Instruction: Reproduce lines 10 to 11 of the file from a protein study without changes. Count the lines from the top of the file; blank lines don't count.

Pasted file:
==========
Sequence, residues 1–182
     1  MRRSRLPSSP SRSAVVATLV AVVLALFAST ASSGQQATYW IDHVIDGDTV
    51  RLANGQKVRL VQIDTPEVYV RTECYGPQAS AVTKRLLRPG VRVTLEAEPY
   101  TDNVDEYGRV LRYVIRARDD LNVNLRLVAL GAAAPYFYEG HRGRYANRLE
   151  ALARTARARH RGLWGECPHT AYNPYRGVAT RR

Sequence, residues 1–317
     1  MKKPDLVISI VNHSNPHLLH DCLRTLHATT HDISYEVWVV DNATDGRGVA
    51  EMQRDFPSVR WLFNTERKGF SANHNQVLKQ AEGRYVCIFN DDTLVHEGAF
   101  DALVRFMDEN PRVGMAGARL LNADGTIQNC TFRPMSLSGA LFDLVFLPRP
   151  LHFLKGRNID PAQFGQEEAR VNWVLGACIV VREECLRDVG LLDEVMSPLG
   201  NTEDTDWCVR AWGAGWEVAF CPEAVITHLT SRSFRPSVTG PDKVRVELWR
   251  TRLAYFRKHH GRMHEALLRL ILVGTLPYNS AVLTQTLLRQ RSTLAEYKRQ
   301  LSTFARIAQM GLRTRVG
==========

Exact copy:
   151  LHFLKGRNID PAQFGQEEAR VNWVLGACIV VREECLRDVG LLDEVMSPLG
   201  NTEDTDWCVR AWGAGWEVAF CPEAVITHLT SRSFRPSVTG PDKVRVELWR